Maintain proper structures for a healthy business ecosystem. For any business to thrive and be sustainable, one must develop and maintain proper governance structures and best practices. Once a business takes a life of its own, it is no longer about an individual or the few individuals who started it or own it. It is key that you ensure proper management and adherence to laws and regulations that govern your business.

Lead from the front, delegate where possible. A leader’s involvement in the day to day affairs of a business depends on the nature of the business and the style of the business leader. My approach is to mentor and empower others to do as much as possible, only getting involved when I need to. If others in my team can do it better than I, then I let them do it. That said, I would get directly and closely involved in a matter until I’m satisfied that those I delegate to are able to run with it better. 

Mary Njoki, CEO of Glass House PR says:

Mary Njoki, Glass House PR CEO

People will not always buy into your idea. Do not feel entitled or catch some negative feelings if people do not buy into your idea. Nobody owes you anything. Do not worry about the shame of failure. Pick yourself up, dust yourself and move on.

If I was to go back in time to when I started my business, I would learn things quicker and also hire the right people with a shared vision. I would also conduct a good client background check. I have suffered in the past for not doing enough homework on a client who exaggerated his real net worth for the sake of a good public image.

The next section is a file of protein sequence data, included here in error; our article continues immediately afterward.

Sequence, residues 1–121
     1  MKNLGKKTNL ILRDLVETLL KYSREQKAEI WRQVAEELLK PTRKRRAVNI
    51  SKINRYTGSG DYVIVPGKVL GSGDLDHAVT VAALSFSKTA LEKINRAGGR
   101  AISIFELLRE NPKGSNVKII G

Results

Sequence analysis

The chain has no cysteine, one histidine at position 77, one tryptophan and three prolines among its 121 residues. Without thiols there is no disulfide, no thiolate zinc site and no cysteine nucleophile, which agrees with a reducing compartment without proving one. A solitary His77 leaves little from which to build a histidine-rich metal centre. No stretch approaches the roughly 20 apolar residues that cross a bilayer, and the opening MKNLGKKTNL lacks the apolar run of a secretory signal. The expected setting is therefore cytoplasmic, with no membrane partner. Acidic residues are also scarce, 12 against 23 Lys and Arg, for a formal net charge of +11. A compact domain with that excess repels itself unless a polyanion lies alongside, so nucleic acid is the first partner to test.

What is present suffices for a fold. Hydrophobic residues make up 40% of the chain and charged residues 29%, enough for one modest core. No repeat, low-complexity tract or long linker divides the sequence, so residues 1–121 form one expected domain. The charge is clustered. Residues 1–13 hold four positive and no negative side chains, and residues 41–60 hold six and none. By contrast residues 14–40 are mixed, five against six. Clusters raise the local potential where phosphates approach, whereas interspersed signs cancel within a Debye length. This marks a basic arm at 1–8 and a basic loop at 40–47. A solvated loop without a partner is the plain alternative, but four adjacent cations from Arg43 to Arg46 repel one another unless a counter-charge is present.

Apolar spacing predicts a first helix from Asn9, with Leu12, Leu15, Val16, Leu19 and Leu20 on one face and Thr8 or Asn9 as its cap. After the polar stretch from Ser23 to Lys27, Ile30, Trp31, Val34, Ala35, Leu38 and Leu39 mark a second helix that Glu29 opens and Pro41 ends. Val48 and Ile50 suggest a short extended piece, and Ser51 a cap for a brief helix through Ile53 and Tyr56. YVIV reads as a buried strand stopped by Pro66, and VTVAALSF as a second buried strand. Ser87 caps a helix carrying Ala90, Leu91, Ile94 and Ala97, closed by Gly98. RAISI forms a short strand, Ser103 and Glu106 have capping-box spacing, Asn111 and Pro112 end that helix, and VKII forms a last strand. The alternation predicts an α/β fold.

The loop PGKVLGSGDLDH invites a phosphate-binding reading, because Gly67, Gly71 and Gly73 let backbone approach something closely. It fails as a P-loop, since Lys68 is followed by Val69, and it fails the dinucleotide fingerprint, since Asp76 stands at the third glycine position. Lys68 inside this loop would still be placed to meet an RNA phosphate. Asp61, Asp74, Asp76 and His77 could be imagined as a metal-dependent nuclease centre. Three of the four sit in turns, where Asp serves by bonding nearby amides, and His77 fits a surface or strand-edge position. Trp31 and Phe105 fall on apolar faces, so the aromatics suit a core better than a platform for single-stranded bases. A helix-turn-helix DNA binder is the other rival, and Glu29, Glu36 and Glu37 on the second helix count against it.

Samuel Njenga, founder of Itrade Company Limited, a real estate firm says:  

Real estate is a tricky field to get into. The country’s economy is a key indicator of how real estate behaves. For example, people can only buy a house after satisfying other essentials. In lean economic times, real estate investment is not a priority for many.

In real estate ventures, mistakes can be costly. For example, failure to do due diligence on some property can even put you in a legal and financial quagmire. You might buy a piece of property that lies on a road reserve or other social amenities. Just searching for the property in a lands office may not reveal all there is about the property. You may need to consult the physical planning department to see the bigger picture with regard to future amenities.

If you want to own a home and can’t outrightly pay all the money, buy two or three small plots, wait for some capital appreciation, then sell two and build in one. You will own a home without a mortgage that can tie you down for a long time.

Real Estate Lancet Scanad